Those pings also let you know when you're entering different heart rate zones, which Fitbit labels as "Fat Burn" and "Cardio". This is a helpful feature for anyone looking to use those measures to gauge their workout intensity. A built-in GPS, which came to the Charge line with the 4, enables on-screen pacing and distance readouts for longer workouts like runs or bike rides, but the smaller screen and more limited features of the tracker make it tougher to take advantage of without a phone. Once you check out your workout summary on your mobile device, you can see exactly where in your run or ride your heart rate spiked and fell via the map, which is a cool feature.Men's Health
Tracking is what longtime Fitbit users expect from a tracker—it's in the name, after all—but the health features, which come down to the Charge line from the brand's premium smartwatches, bring the device to another level. The electrodermal activity (EDA) sensor that debuted in the Sense makes its way to the Charge. Just grip the sides of the device and sit still for 3 minutes and the device scans for for responses on your skin to gauge your stress level. Immediately after scanning, you fill out a mood assessment, and the Fitbit app might suggest a guided breathing exercise. Check the app, and you'll also receive a Stress Management score, based on several other criteria.
You can also check important metrics right on your wrist, like blood oxygen saturation (SpO2), resting heart rate, and Sleep Score. Don't worry step addicts—daily steps and Fitbit's more sophisticated Active Zone Minutes measure are available on-wrist, too. More information about all of those readings are available on the Fitbit app, and even more insights on those readings are accessible via Fitbit's paid Premium membership.Fitbit
Unfortunately, two of the Charge 5's most intriguing health features were not available to test, and won't be ready at launch. The ECG app, which debuted on the Sense smartwatch and aims to detect abnormalities in the heart beat known commonly as atrial fibrillation, will eventually come to the Charge 5 at a later date.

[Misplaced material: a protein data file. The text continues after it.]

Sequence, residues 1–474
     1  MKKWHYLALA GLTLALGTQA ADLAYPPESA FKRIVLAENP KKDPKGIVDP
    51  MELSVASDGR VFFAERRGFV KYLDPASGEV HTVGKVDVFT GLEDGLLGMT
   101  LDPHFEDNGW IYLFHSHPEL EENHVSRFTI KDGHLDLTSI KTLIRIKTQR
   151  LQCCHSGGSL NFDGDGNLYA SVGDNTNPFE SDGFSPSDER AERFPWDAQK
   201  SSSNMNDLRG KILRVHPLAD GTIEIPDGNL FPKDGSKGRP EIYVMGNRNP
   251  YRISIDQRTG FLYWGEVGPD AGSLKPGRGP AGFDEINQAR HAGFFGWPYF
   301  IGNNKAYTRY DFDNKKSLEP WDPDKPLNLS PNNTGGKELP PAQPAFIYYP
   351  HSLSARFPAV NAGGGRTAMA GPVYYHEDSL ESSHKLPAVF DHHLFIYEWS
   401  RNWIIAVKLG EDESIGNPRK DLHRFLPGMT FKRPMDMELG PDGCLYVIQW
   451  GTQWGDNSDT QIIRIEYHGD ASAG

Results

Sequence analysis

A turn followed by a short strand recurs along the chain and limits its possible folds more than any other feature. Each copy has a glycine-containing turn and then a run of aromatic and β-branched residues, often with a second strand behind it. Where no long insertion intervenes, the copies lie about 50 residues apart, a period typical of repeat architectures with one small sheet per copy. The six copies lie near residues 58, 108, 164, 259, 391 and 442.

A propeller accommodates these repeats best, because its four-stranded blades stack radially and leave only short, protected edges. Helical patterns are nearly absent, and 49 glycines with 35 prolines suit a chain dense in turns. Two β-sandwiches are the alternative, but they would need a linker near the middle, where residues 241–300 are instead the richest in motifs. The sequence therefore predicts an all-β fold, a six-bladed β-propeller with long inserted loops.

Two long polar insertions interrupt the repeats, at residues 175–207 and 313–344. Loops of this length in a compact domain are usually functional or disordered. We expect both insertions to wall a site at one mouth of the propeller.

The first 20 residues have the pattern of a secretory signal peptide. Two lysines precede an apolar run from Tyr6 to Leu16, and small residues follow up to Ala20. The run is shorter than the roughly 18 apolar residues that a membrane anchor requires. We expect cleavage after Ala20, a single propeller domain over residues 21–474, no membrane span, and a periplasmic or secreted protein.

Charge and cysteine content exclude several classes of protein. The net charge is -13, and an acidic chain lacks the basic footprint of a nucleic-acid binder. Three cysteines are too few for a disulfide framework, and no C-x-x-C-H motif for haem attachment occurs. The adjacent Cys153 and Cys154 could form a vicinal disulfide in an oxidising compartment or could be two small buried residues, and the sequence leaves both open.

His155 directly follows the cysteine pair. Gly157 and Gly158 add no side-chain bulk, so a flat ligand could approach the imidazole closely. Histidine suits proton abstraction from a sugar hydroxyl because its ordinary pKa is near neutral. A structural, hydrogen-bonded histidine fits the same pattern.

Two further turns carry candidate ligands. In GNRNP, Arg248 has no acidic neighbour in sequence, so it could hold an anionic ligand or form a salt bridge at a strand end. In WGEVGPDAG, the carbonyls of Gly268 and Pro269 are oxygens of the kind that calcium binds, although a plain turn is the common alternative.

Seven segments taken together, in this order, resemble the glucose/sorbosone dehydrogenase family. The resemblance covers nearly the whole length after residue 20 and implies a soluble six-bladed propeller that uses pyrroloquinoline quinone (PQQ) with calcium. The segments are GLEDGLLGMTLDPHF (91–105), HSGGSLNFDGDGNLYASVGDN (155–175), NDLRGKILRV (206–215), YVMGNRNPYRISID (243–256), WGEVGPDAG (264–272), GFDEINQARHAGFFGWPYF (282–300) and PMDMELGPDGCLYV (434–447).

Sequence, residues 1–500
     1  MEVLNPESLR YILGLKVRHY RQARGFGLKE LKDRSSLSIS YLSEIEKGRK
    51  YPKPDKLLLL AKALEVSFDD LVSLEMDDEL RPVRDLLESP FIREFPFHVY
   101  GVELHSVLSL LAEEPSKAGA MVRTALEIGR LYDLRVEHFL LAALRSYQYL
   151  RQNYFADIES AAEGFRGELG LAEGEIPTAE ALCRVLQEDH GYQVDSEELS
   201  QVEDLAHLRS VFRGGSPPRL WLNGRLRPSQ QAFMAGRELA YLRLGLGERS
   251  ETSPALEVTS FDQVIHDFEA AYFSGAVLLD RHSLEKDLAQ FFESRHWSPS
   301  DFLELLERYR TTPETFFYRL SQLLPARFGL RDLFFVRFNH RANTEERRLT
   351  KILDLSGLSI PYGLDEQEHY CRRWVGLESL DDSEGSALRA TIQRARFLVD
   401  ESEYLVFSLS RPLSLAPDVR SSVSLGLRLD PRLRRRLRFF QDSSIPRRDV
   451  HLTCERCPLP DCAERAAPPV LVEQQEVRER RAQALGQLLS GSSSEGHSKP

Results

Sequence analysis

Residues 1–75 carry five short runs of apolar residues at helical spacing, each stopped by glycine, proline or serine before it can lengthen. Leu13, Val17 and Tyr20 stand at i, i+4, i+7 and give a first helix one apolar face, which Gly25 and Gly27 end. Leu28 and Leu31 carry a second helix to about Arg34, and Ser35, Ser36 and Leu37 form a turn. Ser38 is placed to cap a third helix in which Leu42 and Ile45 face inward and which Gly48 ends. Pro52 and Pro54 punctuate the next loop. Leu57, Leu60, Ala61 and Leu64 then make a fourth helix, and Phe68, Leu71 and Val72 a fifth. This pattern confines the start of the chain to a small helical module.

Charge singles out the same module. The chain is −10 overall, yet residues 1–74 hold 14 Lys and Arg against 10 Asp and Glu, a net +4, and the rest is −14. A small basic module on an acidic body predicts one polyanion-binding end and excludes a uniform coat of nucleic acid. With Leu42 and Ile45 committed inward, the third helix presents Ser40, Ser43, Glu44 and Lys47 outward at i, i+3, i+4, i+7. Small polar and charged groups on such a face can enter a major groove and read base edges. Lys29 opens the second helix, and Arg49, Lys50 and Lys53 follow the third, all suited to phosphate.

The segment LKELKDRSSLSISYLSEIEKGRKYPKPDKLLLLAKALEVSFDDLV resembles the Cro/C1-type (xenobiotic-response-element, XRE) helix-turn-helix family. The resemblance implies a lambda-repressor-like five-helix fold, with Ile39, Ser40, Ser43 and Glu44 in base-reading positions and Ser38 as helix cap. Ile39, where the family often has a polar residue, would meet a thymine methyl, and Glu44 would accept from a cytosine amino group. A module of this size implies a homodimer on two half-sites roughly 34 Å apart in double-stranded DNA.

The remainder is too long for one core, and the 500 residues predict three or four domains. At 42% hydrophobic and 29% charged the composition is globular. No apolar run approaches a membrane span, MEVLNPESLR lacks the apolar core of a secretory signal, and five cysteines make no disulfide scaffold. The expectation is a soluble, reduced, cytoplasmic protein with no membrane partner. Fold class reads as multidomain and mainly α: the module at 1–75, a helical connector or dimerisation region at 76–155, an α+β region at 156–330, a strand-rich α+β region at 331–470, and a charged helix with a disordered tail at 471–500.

A more sophisticated Daily Readiness score, which will be available to Premium members, uses data taken from exercise, sleep, and HRV (heart rate variability) to give users an indication of how prepped they are for physical activity on a given day. If you've used devices like Whoop or the Oura ring, you'll be familiar with the concept. But Fitbit uses its Premium offerings to take the measure a step further: Depending on the score, the Fitbit app will prompt users to take on different types of activities for the day—if they're primed to perform, a strength workout, for example; if they're not raring to go, maybe a relaxing yoga or meditation session. Fitbit says the feature is "coming soon."
Overall, the Charge 5 performs as advertised. The smaller, slimmer design was a nice change of pace from bulkier smartwatches on my wrist, and the battery lasted just a little longer than the company claimed, coming in at just over seven days on one charge during my testing. The device is definitely a step up from the old tracker you remember from the early days of fitness tech—but if it will work for you is an entirely different matter.
At $179, the Charge 5 is much cheaper than some smartwatches that boast similar health bonafides—but it's certainly not pocket change. This is the type of device for someone who is ready and willing to make the most of its overpowered specs, not someone just looking to fill up space on their wrist. Fitbit has the Luxe and even the budget-minded Inspire 2 for that type of user. So if you want to have some high-level insight into how your body is performing, but a watch isn't your style, go for the Charge 5.This content is created and maintained by a third party, and imported onto this page to help users provide their email addresses. You may be able to find more information about this and similar content at piano.io